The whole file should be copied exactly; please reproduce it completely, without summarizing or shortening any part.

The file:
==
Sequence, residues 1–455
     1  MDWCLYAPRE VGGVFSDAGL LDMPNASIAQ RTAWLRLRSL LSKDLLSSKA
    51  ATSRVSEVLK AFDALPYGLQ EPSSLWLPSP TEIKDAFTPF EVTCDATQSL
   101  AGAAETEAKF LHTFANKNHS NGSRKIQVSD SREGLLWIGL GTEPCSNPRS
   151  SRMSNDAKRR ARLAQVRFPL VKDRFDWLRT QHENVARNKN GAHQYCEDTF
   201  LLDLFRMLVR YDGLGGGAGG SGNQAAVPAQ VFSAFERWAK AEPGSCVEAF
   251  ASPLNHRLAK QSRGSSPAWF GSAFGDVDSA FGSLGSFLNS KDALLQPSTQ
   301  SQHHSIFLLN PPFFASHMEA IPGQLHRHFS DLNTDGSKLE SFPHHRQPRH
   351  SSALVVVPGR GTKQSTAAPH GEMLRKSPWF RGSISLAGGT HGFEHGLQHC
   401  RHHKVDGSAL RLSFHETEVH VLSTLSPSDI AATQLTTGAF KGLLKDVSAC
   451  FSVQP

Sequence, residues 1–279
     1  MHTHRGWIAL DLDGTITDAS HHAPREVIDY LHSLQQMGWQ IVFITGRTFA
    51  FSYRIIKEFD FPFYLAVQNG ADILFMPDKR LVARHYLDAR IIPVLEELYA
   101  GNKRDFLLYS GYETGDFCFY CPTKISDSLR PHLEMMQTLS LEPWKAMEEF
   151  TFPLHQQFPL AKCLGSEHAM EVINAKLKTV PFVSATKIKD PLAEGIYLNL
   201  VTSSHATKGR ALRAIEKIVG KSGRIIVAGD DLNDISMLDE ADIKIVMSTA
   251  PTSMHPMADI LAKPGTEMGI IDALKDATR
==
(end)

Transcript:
Sequence, residues 1–455
     1  MDWCLYAPRE VGGVFSDAGL LDMPNASIAQ RTAWLRLRSL LSKDLLSSKA
    51  ATSRVSEVLK AFDALPYGLQ EPSSLWLPSP TEIKDAFTPF EVTCDATQSL
   101  AGAAETEAKF LHTFANKNHS NGSRKIQVSD SREGLLWIGL GTEPCSNPRS
   151  SRMSNDAKRR ARLAQVRFPL VKDRFDWLRT QHENVARNKN GAHQYCEDTF
   201  LLDLFRMLVR YDGLGGGAGG SGNQAAVPAQ VFSAFERWAK AEPGSCVEAF
   251  ASPLNHRLAK QSRGSSPAWF GSAFGDVDSA FGSLGSFLNS KDALLQPSTQ
   301  SQHHSIFLLN PPFFASHMEA IPGQLHRHFS DLNTDGSKLE SFPHHRQPRH
   351  SSALVVVPGR GTKQSTAAPH GEMLRKSPWF RGSISLAGGT HGFEHGLQHC
   401  RHHKVDGSAL RLSFHETEVH VLSTLSPSDI AATQLTTGAF KGLLKDVSAC
   451  FSVQP

Sequence, residues 1–279
     1  MHTHRGWIAL DLDGTITDAS HHAPREVIDY LHSLQQMGWQ IVFITGRTFA
    51  FSYRIIKEFD FPFYLAVQNG ADILFMPDKR LVARHYLDAR IIPVLEELYA
   101  GNKRDFLLYS GYETGDFCFY CPTKISDSLR PHLEMMQTLS LEPWKAMEEF
   151  TFPLHQQFPL AKCLGSEHAM EVINAKLKTV PFVSATKIKD PLAEGIYLNL
   201  VTSSHATKGR ALRAIEKIVG KSGRIIVAGD DLNDISMLDE ADIKIVMSTA
   251  PTSMHPMADI LAKPGTEMGI IDALKDATR